When your home is on wheels, you’re on a tight budget, and gas prices are high, traveling can be difficult. Here are a bunch of ideas on how you can save on gas.
1. Slow Down
One of the best ways to get better gas mileage is to slow down your driving speed. The faster you drive, the more gas you use. So, if you are going 80 mph, you will use more gas than driving 60 mph. Set your cruise control at a speed that is comfortable for you and stick to it.
2. Reduce Vehicle Weight
The more weight you carry in your vehicle, the more gas you will use. Take a minimalist approach to your vehicle and only bring the essentials. Sell or donate items you don’t need and put some money in your pocket. Not only will you save on gas, but you’ll also feel better about your home and have more space.
3. Avoid Windy Days
If you’re driving on a day with a 40-mile-an-hour headwind, you’re tanking your gas mileage. When driving in strong winds, your vehicle must work harder to maintain a consistent speed, and you will use more gas. If you can avoid driving on windy days, you will save money and be more safe.
4. Get a Tune-Up
Regular maintenance on your vehicle can help improve fuel efficiency. Regularly check and replace air filters, ensure tires are properly inflated, and perform routine maintenance like oil changes and tune-ups.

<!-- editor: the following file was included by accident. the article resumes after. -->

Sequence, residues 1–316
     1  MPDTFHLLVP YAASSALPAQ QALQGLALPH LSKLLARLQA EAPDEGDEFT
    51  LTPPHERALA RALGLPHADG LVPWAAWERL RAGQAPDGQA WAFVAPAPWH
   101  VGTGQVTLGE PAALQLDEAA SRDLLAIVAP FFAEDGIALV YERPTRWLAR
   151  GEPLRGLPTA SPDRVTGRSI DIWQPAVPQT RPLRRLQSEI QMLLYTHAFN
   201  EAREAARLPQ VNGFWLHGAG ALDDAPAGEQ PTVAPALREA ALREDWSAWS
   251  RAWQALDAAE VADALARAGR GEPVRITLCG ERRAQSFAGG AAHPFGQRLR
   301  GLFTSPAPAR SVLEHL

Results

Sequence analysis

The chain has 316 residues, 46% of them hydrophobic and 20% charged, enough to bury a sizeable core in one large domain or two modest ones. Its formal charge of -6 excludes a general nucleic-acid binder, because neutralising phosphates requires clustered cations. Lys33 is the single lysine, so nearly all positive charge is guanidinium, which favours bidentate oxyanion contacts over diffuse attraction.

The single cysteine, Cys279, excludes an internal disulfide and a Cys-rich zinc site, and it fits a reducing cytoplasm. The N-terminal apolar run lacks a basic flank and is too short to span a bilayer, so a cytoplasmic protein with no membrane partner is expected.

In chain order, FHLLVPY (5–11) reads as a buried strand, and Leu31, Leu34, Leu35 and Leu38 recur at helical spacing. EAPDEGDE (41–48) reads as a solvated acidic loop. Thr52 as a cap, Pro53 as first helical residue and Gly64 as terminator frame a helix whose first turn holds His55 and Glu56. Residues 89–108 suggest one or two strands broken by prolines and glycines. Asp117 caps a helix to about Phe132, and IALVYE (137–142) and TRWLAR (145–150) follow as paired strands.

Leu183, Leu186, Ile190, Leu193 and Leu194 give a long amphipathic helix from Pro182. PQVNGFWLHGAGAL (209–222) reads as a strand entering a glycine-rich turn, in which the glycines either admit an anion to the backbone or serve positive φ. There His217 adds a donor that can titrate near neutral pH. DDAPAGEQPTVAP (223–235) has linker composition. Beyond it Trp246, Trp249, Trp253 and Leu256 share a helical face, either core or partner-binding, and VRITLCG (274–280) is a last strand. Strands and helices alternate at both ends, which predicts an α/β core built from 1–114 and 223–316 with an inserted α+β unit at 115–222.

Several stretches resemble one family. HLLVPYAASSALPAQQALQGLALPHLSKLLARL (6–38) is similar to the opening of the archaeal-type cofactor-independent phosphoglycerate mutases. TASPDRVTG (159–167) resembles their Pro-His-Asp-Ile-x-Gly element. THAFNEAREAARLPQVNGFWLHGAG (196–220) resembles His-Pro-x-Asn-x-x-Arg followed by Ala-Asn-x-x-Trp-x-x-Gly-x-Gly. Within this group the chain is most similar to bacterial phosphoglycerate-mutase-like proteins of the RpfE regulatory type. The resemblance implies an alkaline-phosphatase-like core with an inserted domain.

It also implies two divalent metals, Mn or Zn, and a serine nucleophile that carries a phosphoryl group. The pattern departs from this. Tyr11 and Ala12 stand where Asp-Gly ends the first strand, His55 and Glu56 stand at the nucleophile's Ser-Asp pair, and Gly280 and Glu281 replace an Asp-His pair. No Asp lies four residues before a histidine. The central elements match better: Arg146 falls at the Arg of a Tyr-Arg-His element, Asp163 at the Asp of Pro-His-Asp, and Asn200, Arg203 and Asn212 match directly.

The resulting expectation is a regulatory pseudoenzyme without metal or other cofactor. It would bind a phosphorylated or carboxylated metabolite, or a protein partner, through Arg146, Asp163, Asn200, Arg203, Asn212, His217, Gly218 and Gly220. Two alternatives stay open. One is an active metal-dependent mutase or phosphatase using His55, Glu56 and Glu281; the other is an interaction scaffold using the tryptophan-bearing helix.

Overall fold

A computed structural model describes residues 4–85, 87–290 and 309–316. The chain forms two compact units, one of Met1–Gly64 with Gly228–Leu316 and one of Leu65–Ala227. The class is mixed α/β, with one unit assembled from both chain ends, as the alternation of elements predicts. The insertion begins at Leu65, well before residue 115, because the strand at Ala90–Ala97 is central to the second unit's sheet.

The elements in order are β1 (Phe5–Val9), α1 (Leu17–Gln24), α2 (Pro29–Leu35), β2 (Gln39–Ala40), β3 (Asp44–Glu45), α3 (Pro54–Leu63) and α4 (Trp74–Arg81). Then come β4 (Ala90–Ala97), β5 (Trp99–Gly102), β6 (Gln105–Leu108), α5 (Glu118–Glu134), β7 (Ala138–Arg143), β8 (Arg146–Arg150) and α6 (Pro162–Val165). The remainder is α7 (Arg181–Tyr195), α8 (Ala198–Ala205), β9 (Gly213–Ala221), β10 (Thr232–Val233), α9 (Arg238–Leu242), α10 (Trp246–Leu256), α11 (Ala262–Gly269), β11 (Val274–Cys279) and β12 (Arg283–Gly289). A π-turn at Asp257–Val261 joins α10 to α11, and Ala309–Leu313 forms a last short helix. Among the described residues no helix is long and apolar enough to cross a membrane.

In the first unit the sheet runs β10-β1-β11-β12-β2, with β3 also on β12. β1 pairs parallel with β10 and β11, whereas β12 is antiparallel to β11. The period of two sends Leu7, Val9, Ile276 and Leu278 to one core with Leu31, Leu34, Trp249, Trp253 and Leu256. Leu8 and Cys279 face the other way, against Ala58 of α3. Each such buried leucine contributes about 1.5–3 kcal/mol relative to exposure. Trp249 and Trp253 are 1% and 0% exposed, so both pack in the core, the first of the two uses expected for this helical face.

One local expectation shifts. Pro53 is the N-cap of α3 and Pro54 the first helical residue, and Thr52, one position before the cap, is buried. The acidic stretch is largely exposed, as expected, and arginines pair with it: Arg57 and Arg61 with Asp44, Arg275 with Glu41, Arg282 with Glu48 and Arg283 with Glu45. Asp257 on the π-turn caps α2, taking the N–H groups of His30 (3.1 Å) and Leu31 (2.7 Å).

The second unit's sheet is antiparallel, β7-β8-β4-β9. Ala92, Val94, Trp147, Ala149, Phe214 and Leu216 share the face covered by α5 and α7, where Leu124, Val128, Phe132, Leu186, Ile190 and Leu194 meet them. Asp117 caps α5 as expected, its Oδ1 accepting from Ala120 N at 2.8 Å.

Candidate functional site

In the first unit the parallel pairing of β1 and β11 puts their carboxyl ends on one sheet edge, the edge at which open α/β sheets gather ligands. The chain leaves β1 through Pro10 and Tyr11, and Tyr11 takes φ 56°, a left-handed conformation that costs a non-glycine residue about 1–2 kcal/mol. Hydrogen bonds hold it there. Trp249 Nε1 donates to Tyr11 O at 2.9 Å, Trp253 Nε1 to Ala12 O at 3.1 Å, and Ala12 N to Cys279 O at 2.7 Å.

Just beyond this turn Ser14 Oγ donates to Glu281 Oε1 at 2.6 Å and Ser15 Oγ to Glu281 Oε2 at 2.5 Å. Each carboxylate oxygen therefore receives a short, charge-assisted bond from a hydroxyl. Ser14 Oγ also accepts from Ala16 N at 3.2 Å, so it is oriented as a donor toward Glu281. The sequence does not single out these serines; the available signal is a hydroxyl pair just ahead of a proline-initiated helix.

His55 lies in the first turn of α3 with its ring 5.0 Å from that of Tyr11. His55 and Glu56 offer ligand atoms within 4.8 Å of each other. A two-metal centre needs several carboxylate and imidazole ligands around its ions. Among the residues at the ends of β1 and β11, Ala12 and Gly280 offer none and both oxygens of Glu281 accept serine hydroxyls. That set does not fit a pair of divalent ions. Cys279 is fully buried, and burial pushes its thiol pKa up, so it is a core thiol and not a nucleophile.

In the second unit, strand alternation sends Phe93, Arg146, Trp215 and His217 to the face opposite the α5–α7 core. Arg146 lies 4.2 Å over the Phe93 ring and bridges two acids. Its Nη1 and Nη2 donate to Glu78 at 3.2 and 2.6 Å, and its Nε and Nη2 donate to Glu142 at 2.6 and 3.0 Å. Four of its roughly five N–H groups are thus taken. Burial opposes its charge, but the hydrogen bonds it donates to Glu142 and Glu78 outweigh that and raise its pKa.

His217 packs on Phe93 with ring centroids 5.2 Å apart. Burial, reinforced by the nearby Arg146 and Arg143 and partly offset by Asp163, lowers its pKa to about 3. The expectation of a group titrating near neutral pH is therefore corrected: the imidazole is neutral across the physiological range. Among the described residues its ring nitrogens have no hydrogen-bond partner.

5. Turn Off the A/C
Your dash A/C can make a big difference on your miles per gallon uh unless it’s absolutely essential don’t run your ac if you’re climbing hills be sure and turn it off that can really i can really pull a lot off your engine.
6. Avoid Steep Hills and Mountains
Traveling through mountains and hills will eat up your miles per gallon. When driving in hilly areas, take advantage of downhill slopes to gain momentum and reduce the need for excessive acceleration uphill. However, do so safely and within the speed limit.
7. Downsize Your Vehicle
If you’re in an RV that’s getting 8 miles to the gallon and you downsize to a van that’s getting 16 miles per gallon, you can cut your cost of gas in half right that day.
8. Get a Small Daily Driver
You might be thinking of buying a car that you tow. You really have to weigh the extra cost; if your RV gets 5 miles per gallon while pulling a rig that gets 25 miles per gallon, that balances out well. There are other options if you don’t have the money to buy a car and set it up to tow. A 50cc scooter is an idea, and many states don’t require a separate license to drive them. A bicycle would work to get around town, and an e-bike would be even more fun.
9. Use Smartphone Apps & Rewards Programs